Law profs who oppose relaxed grading 'less likely' to say so publicly, prof says
A Texas law professor is speaking out after colleges across the country have implemented pass/fail grading systems amid the coronavirus outbreak.
The professor says he has received private messages from other law professors afraid to speak their opinions publicly.
A Texas law professor is calling on colleges not to shift to mandatory pass/fail grading systems as many have done amid the coronavirus outbreak.
In a recent op-ed for Reason, Josh Blackman, a constitutional law professor at South Texas College of Law in Houston, wrote specifically of law schools implementing pass/fail grading systems, saying, "attorneys have a duty to their clients during crises of all manners; law students should learn that lesson personally...any sort of grading relief should be tailored to address individual circumstances; law schools should not adopt a blanket policy."
Blackman suggested that a mandatory pass/fail grading could only hurt those students who are already struggling.
"If all law schools abolished grades, our weaker students would develop a false sense of security: well, I passed, and didn't fail, so I must be okay! ... The students at the top and middle of the class will be fine. But the students who would most benefit from getting a bad grade will not receive the help they so need, and deserve," Blackman writes.
"Professors have an obligation to help students in need. Grades are a signal (perhaps an inaccurate one) that tell us who needs help," he adds.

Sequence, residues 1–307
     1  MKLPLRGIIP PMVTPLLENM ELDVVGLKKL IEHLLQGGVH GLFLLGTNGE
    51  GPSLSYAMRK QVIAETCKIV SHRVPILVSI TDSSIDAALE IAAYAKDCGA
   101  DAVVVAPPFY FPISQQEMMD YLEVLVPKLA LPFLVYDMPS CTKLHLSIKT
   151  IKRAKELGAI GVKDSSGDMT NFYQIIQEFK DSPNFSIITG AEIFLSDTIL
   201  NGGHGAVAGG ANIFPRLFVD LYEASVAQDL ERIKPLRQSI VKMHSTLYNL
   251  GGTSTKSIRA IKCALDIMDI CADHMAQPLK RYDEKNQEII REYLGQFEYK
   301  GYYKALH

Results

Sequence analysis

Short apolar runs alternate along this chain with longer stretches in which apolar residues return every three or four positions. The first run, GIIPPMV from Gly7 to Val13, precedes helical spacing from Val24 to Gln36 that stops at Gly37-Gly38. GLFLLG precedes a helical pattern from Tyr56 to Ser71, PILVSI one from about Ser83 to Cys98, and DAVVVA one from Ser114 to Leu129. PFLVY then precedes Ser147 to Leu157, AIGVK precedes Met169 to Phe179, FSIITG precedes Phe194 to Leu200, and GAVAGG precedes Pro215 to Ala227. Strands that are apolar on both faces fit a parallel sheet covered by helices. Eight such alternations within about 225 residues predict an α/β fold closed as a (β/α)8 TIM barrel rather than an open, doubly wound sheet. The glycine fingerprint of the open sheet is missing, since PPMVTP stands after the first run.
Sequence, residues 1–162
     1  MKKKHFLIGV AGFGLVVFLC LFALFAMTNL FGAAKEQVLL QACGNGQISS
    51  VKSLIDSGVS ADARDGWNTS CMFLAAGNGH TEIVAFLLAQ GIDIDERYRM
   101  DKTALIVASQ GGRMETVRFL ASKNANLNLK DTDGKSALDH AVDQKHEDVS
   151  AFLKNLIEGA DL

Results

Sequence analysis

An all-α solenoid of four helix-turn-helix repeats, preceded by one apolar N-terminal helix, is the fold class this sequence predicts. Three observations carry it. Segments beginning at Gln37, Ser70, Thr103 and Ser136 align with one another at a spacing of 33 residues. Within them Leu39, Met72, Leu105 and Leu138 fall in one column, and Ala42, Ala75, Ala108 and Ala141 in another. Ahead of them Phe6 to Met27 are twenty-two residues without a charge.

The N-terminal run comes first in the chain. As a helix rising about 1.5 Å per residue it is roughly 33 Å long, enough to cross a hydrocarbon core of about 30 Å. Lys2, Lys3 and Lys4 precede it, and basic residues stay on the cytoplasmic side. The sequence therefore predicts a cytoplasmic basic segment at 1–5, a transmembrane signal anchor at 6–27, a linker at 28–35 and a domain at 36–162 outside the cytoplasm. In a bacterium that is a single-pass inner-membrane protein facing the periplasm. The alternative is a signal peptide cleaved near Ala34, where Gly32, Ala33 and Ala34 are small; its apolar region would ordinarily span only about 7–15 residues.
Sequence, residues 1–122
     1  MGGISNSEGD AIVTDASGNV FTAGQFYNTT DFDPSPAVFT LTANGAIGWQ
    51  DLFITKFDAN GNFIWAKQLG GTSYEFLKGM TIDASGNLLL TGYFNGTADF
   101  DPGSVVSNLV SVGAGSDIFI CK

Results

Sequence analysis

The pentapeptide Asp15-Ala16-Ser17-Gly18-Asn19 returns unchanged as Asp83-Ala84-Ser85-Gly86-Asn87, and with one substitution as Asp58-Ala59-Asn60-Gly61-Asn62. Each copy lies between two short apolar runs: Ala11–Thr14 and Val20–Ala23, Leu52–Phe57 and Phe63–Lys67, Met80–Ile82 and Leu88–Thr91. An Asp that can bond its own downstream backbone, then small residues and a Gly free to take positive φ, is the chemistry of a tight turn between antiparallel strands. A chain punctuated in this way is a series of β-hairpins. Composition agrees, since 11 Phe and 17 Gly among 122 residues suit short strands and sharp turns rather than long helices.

As Campus Reform previously reported, Harvard Law School is among the schools that have switched to a pass/fail grading system amid the global pandemic. “At this moment, when you have so much to cope with and deal with, we thought it important for you to be devoting your mental and emotional energy to something other than worrying about whether to opt into CR/F for the semester,” HLS announced.
While Blackman says a number of professors disagree with him on pass/fail grading systems, others support his position. However, he adds, those who support his view are "less likely" say so publicly.
"There are some professors who vigorously oppose the pass/fail movement. They are less likely to publicly state their views...they do not wish to alienate their colleagues," Blackman writes. However, Blackman says he received private messages from some law professors who agree with him following the publication of his op-ed.
In a separate op-ed, also published by Reason, Blackman shares three messages he says he received from professors who oppose mandatory pass/fail grading systems. Here are the messages:
"Just saw your article on law school credit/no credit grading and wanted to let you know that you nailed it. I was just steamrolled by my faculty on this — almost everyone but me joined the copy HARVARD-STANFORD train."
"Great stuff. We are trying to stick to our guns, but it is getting increasingly hard."
"The University informed our law school that we could not have a pass/fail option. We can only do all standard grading or all pass/fail. Seems pretty stupid to force us into that choice, but there we are."
Blackman says he's "not optimistic" that law schools will adopt his view.
"But I hope my post gave some voice to professors who can respectfully dissent," he says.